The term "disease" as used in the context of the present invention is intended to be general ly synonymous, and is used i nterchangeably with, the terms "disorder" and "condition" (as in medical condition), in that all reflect an abnormal condition of the human or animal body or of one of its parts that impairs normal functioning, is typically manifested by distinguishing signs and symptoms, and causes the human or animal to have a reduced duration or quality of life.

Several documents are cited throughout the text of this specification. Each of the documents cited herei n (i ncludi ng al l patents, patent applications, scientific publications, manufacturer's specifications, instructions, etc.), whether supra or infra, are hereby incorporated by reference in their entirety. Nothing herein is to be construed as an admission that the invention is not entitled to antedate such disclosure by virtue of prior invention.

It is to be understood that this invention is not limited to the particular methodology, protocols and reagents described herein as these may vary. It is also to be understood that the terminology used herein is for the purpose of describing particular embodiments only, and is not intended to limit the scope of the present invention which will be limited only by the appended claims. Unless defined otherwise, all technical and scientific terms used herein have the same meanings as commonly understood by one of ordinary skill in the art.

Antibodies and antigen binding fragments with functional domains in elbow

In a first aspect the present invention provides an antibody, or an antigen binding fragment thereof, comprising a first polypeptide chain and a second polypeptide chain,

wherein said first polypeptide chain comprises in N- to C-terminai direction

(i) one or more variable domains;

(ii) a (additional) functional domain; and

(iii) one or more constant domains; and

wherein said second polypeptide chain comprises in N- to C-terminal direction

(iv) one or more variable domains forming antigen binding sites with the one or more variable domains (i) of the first polypeptide chain;

(v) optionally, a (additional) functional domain; and

(vi) one or more constant domains,

characterized in that said (additional) functional domain (ii) of the first polypeptide chain does not comprise a fragment of the second polypeptide chain and said optional (additional) functional domain (v) of the second polypeptide chain does not comprise a fragment of the first polypeptide chain.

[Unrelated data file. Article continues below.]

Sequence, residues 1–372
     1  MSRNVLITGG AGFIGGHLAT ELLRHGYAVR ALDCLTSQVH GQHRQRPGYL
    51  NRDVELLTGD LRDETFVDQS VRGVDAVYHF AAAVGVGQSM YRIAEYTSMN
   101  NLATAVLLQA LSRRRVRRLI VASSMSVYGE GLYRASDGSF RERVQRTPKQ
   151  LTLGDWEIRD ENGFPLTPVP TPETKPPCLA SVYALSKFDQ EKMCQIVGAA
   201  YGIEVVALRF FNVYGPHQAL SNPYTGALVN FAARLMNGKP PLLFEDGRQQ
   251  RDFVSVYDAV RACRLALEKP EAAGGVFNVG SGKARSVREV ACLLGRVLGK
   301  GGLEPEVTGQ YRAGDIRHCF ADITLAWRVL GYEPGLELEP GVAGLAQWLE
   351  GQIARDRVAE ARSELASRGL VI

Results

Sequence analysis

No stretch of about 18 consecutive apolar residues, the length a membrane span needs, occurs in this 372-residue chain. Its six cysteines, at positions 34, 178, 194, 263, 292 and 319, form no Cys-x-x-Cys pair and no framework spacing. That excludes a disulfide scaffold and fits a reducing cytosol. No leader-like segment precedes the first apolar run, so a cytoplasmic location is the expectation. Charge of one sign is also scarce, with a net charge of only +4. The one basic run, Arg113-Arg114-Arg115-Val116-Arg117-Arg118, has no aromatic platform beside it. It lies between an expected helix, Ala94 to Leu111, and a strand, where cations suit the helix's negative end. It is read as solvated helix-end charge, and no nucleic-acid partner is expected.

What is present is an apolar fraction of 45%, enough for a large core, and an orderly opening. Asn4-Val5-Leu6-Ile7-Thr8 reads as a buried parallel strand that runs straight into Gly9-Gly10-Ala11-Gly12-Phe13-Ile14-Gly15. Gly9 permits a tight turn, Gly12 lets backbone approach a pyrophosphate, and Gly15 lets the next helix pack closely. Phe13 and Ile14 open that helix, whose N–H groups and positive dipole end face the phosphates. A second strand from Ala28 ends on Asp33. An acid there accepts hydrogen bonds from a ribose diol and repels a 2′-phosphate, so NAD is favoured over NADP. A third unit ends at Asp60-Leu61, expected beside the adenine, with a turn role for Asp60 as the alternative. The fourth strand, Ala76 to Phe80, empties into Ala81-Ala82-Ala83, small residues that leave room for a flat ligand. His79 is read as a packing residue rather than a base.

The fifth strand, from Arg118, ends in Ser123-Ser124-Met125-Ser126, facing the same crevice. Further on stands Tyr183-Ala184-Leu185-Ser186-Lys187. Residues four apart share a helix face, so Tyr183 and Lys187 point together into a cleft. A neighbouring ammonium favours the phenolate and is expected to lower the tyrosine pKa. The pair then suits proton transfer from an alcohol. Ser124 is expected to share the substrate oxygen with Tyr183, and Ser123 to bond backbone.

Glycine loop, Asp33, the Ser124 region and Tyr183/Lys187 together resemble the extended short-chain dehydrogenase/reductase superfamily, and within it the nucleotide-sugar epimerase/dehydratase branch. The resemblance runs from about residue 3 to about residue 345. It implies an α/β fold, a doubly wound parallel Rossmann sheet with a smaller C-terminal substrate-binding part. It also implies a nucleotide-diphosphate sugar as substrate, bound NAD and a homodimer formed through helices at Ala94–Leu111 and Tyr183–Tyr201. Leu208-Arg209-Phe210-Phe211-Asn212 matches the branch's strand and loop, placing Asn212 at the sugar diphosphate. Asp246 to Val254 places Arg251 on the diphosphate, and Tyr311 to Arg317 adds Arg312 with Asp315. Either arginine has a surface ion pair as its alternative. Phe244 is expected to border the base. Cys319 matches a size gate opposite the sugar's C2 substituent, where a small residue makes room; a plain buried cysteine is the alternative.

The present invention is based on the surprising finding, that an (additional) functional domain can be inserted into the elbow region of an antibody, i.e. between the variable

domain and the most N-terminal constant domain, in particular CHI or CL. Fig. 1 A shows a classical naturally occurring antibody with elbow region indicated by arrows. The present inventors have surprisingly found that antibodies engineered in the elbow region to contain such an additional functional domain can, for example, simultaneously bind (1 ) to the antigen targeted by their variable domains and (2) to an additional target targeted by a binding site introduced into the antibody's elbow region - as shown by the Examples described herein. In contrast to prior art multispecific antibody formats, in which the additional binding sites are obtained either by replacing a heavy/light chain pair with another heavy/light chain pair with distinct specificity (as in multispecific IgG antibody formats described above, which are often monovalent for each specificity) or by appending additional binding sites to the N- or C-termini of the heavy or light chains (as in appended IgG antibody formats described above), in the antibodies of the present invention the additional functional domain, e.g. the additional binding site (specificity) is inserted into the heavy and/or light chain, namely, into the elbow region. Surprisingly, the variable domain (e.g., VH) N-terminal of the inserted functional domain, such as a binding site, still forms a fully functional antigen binding site with the corresponding variable domain of the other polypeptide chain (e.g., VL) - even if the other polypeptide chain is unmodified in the elbow. The same applies for multispecific antibodies: despite the inserted functional domain, the variable domain(s) N-terminal of the inserted functional domain still associate with the corresponding variable domains in the other polypeptide chain to form functional antigen binding sites (e.g., VH1 - VH2 on one polypeptide chain with VL1 - VL2 on the other polypeptide chain, etc.).